Prenatal testing is offered routinely to most women in Australia. However, it is your choice whether or not to have it, so it’s important to take the time to ensure you have understood the tests, the limitations, and the conditions that are being tested for. Prenatal tests are divided into two types: screening tests and diagnostic tests. Screening tests are used to identify the likelihood of your baby having Down Syndrome, whereas diagnostic tests provide a definitive diagnosis of Down Syndrome based on genetic testing of cells from the baby.
If you have chosen to undertake diagnostic testing, and it reveals Down Syndrome, you will usually be offered a choice about continuing or terminating your pregnancy. It’s important to take the time to carefully consider all of the available information about Down Syndrome and your options.
Receiving a prenatal diagnosis can affect couples and family members in different ways at different times throughout the pregnancy. If you need emotional support, or you feel conflicted and having difficulty making a decision, you can reach out for support from an understanding friend or family member, a support group, or a professional such as a psychologist, genetic counsellor, or social worker.
Genetic counsellors can discuss the results of a Down Syndrome diagnosis with you in regards to medical, psychological, and reproductive implications. They can also provide support while you consider the options available to you, which are: continuing with the pregnancy, termination, adoption, or permanent care placements.
Your local Down Syndrome organisation can provide up-to-date information and support. They’re highly experienced in providing balanced, non-directive information, and will support you during the different stages of the decision-making process. They can also put you in touch with a family who has a child with Down Syndrome. This can be a helpful opportunity to learn about the day-to-day experiences of families, as well as about people with Down Syndrome living meaningful lives.
There are also online support groups available where you can connect with other women with a prenatal diagnosis or a high probability screening result, and mothers of children with Down Syndrome.
Down Syndrome is a genetic condition, and not an illness or a disease. It is caused when there is an extra chromosome in their cells, and occurs at conception. It has nothing to do with anything you or the father have done before or during pregnancy. It almost always occurs randomly across all ethnic and social groups. There is an increased chance of having a child with Down Syndrome with increased maternal age, but it can occur at any age.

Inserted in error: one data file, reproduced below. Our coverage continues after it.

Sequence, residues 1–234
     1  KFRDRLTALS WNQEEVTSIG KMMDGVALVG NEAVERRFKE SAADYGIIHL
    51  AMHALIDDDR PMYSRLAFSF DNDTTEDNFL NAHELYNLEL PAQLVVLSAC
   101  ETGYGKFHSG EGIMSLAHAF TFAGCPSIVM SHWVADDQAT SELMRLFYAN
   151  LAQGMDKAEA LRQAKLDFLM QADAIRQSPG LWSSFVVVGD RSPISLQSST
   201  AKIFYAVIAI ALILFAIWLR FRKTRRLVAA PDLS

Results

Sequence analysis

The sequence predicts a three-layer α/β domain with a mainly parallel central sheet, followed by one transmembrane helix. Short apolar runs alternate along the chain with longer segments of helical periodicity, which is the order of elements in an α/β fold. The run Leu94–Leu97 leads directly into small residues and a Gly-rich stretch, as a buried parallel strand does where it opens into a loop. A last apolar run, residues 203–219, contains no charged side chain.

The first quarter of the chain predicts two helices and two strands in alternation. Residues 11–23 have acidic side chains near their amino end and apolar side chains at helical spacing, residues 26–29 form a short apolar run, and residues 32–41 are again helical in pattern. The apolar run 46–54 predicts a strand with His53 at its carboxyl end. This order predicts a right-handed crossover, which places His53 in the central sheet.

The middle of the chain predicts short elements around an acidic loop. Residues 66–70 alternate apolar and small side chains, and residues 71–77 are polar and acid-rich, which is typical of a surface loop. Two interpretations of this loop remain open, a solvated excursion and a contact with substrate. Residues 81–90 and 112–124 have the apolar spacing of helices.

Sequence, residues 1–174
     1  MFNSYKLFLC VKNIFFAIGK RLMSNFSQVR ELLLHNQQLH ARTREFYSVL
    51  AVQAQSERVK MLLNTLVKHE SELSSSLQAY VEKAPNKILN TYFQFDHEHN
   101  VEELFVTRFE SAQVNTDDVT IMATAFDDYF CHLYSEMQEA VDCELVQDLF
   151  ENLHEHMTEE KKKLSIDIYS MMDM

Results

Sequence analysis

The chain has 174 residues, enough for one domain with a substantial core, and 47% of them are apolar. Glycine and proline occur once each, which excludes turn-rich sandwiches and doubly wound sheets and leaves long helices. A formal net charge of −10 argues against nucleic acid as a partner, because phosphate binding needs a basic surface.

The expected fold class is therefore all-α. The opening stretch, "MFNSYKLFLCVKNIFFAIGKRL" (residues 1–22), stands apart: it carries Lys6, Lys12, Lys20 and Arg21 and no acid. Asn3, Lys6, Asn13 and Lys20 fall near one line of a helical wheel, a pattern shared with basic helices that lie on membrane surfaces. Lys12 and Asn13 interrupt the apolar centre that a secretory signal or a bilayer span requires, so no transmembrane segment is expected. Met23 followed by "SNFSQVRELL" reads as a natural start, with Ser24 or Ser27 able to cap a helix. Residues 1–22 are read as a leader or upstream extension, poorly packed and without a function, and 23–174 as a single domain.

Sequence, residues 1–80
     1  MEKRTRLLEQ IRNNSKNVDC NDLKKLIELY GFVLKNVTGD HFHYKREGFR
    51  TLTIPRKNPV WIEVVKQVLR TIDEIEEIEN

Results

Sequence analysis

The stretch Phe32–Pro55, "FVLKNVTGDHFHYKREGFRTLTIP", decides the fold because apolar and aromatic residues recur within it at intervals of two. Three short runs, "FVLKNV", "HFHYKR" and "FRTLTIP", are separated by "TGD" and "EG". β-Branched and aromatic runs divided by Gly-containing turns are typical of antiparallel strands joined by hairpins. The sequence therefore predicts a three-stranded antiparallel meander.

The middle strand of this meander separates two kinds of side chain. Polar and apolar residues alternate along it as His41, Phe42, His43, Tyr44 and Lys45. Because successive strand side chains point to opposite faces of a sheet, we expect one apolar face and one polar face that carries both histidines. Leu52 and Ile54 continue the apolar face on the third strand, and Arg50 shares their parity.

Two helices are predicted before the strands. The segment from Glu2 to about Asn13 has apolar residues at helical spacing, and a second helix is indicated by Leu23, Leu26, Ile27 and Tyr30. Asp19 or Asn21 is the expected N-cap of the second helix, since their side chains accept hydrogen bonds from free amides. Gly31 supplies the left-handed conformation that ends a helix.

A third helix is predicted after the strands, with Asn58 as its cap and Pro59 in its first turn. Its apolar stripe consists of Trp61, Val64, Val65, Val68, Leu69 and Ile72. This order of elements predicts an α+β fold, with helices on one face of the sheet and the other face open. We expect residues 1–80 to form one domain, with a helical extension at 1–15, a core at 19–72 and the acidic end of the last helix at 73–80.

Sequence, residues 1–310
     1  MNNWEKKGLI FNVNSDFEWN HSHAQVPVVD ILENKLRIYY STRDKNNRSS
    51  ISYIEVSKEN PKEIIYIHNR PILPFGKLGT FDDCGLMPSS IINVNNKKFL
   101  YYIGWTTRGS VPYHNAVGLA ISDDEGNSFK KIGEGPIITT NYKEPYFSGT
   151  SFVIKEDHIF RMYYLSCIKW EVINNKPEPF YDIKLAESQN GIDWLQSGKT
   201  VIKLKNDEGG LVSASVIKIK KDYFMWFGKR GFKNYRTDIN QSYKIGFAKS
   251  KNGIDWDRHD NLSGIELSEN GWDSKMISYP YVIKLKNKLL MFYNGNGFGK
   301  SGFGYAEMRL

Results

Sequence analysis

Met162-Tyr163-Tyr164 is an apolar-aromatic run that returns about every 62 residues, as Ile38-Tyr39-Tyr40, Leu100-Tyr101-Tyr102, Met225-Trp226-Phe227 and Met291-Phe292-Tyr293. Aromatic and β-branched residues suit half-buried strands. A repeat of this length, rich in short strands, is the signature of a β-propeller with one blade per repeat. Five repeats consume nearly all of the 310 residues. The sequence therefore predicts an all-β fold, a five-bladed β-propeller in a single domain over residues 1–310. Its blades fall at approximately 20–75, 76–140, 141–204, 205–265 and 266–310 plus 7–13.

According to Down Syndrome Australia, most people with Down Syndrome lead happy and healthy lives. They go to school, get jobs, participate in sport, and contribute to their communities in many different ways.
From a health perspective, people with Down Syndrome have:
Not all people will experience these health concerns, and some may not have any. In many cases, these conditions are treatable.
All parents react differently to the news that their child has, or may have, Down Syndrome. Common feelings expressed by parents are shock, a feeling of disbelief or sorrow, feelings of protectiveness, feelings of inadequacy and embarrassment, anger and guilt. You might not have any of these feelings, but if you do, you may find it helpful to know that others have felt the same. Whatever you are feeling right now is normal. It is normal to have questions, concerns, and worries, and it’s equally normal not to. Take this one step at a time.
Go to Down Syndrome Australia to read their guide for expectant parents, in which they address some of the common misconceptions, provide some ideas to assist you when you’re ready to start talking with family and friends about the diagnosis, plus all the support and funding that’s available, and any information and resources near you.